Graduate Student Looks For Ways To Help Others Access Clean Water

By Amanda Brasier 

A brief moment observing two young Rwandan boys gathering water from a rural pond influenced Tyree Wilmoth’s decision to dedicate her future toward creating access to clean water. 

Wilmoth, who graduates in spring 2021 with her master’s degree in Appalachian State University’s Appropriate Technology program, said she realized in that eye-opening moment in Africa that she had taken this precious resource for granted. 

Rwandan boys carrying water


“My mom and I traveled to Rwanda to volunteer at an orphanage for a month after I graduated from high school in 2014,” she said. “When we stepped outside the grounds of the orphanage, I saw two young boys carrying milk jugs for gathering water. They filled them with water from a stagnant pond with cows nearby. I realized then just how valuable and important clean water is, and that people don’t always have access to drinking water that is safe.”


Tyree in Rwanda

In her studies at App State, Wilmoth researched a variety of different natural energy systems, including water, with her thesis focusing on factors that affect water filter adoption and use in resource-limited communities. Based on her accomplishments, she was inducted into the Cratis D. Williams Graduate Honor Society and chosen as the College of Fine and Applied Arts’ graduate student speaker.

Wilmoth is from Weaverville, North Carolina, and earned her undergraduate degree from Centre College in Kentucky. She was looking for an Appropriate Technology program when she discovered the Sustainable Technology and the Built Environment’s advanced degree program at App State. 

“I loved that at Appalachian’s program I can learn about water as well as other energy systems, including wind, hydro, and bioenergy,” she said. “Our program has students with different backgrounds, and I am not just a face in a sea of people here. I’m able to really engage with my professors and with my peers and learn from both of those groups.”

Tyree at the SD Farm greenhouse

Wilmoth was able to get involved outside the classroom by working as a graduate assistant with the Office of Sustainability assisting with the university’s Climate Action Plan to address carbon neutrality. She also worked as a graduate assistant with Dr. Jeremy Ferrell on the CERES greenhouse project, which will compare how a high-performance greenhouse at the Goodnight Family Sustainable Development Farm in Fleetwood, North Carolina, can advance the growing system and grow food more efficiently than a traditional greenhouse. To expand her experience in water access outreach and developmental aid, she interned with Wine To Water, an international non-profit based in Boone.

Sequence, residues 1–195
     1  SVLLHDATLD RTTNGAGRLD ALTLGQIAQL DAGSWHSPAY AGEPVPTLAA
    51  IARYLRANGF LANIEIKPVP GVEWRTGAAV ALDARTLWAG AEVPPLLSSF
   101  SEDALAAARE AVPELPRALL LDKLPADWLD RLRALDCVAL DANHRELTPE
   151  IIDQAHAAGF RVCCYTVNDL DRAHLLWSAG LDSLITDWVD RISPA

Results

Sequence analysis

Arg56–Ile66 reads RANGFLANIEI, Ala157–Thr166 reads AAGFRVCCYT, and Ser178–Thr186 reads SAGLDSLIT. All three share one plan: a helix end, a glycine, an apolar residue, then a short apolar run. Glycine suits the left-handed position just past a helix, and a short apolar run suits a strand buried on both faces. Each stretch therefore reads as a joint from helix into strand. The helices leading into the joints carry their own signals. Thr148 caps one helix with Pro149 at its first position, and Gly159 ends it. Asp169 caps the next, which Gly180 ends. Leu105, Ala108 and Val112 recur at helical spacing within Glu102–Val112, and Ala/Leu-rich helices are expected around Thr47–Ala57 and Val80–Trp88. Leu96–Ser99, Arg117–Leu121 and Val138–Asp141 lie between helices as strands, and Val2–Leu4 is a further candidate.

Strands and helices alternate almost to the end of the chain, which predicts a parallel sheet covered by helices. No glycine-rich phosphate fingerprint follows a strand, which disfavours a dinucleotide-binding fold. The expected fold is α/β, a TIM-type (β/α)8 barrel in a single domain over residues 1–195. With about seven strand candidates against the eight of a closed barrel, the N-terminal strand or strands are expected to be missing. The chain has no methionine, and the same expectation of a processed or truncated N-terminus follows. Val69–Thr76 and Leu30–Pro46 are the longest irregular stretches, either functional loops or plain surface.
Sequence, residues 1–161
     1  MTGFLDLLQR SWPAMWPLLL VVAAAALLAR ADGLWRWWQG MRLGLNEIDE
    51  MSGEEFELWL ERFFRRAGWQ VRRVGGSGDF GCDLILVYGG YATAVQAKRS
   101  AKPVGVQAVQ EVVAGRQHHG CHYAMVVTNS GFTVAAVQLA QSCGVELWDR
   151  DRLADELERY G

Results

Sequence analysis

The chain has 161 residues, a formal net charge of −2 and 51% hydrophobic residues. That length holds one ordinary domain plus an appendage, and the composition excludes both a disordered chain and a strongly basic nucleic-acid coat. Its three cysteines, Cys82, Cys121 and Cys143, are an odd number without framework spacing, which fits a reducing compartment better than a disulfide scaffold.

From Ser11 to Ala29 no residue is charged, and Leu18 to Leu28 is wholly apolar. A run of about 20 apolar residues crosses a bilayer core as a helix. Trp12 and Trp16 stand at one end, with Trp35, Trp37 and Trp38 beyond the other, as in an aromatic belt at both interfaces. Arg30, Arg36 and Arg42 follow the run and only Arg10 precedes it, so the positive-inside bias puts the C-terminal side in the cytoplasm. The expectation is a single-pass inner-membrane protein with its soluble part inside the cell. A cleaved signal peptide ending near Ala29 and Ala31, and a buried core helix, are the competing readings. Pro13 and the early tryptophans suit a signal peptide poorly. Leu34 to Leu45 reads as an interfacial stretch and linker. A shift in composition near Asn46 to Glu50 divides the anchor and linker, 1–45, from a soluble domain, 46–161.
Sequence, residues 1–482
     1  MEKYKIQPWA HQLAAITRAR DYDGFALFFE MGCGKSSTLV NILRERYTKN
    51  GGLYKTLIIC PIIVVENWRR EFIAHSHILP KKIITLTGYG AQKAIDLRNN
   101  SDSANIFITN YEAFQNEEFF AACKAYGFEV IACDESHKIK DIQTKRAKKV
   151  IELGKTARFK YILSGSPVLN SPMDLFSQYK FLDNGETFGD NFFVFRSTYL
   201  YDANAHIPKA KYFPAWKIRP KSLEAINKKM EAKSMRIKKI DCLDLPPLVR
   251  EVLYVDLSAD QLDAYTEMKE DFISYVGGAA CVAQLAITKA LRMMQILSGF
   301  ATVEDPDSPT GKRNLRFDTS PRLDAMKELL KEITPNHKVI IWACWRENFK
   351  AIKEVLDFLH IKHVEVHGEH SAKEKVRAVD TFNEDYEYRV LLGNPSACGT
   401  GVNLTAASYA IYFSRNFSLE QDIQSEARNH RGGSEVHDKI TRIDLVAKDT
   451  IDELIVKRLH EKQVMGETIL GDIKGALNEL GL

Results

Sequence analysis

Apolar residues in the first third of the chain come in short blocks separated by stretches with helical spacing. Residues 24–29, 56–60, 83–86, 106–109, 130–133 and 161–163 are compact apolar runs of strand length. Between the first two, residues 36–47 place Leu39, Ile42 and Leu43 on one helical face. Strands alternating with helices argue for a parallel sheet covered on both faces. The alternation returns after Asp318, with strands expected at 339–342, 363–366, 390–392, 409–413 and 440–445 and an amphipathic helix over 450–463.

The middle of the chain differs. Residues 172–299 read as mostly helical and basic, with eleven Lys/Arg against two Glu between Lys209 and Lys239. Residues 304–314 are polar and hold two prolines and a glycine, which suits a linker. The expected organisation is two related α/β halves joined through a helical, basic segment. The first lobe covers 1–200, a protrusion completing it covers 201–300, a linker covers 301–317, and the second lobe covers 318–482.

Wilmoth received a Chancellor’s Fellowship and a departmental scholarship made possible by donors to Sustainable Technology and the Built Environment. “Without this funding, I would not be able to make my education possible and continue my graduate studies. I’m also able to work on projects that are happening locally and globally.”

“In our day-to-day lives, we take access to clean water for granted,” Wilmoth said. “In many parts of the world, clean drinking water is not available, and it contributes to illness and even death. My trip to Rwanda made me realize there are so many people who are water insecure, and it is a pivotal issue we need to address.”

About Sustainable Technology and the Built Environment

One of seven departments housed in the College of Fine and Applied Arts, the Department of Sustainable Technology and the Built Environment at Appalachian State University features an integrated array of programs spanning the fields of sustainable design and technology. Its mission is to foster a strong and vibrant culture of inquiry, discovery and innovation that integrates theory with application, problem seeking with problem-solving, local issues with global perspectives and technological progress with environmental stewardship. It offers bachelor’s degrees in sustainable technology and building science, and a master’s degree in technology. Learn more at

About the College of Fine and Applied Arts 

Appalachian State University’s College of Fine and Applied Arts is a dynamic and innovative group of seven academic departments, bringing together a variety of perspectives, experiences and real-world education to provide unique opportunities for student success. The college has more than 3,000 undergraduate and graduate majors. Its departments are Applied Design, Art, Communication, Military Science and Leadership, Sustainable Development, Sustainable Technology and the Built Environment, and Theatre and Dance. Learn more at

Tyree Wilmoth
Published: May 4, 2021 2:51pm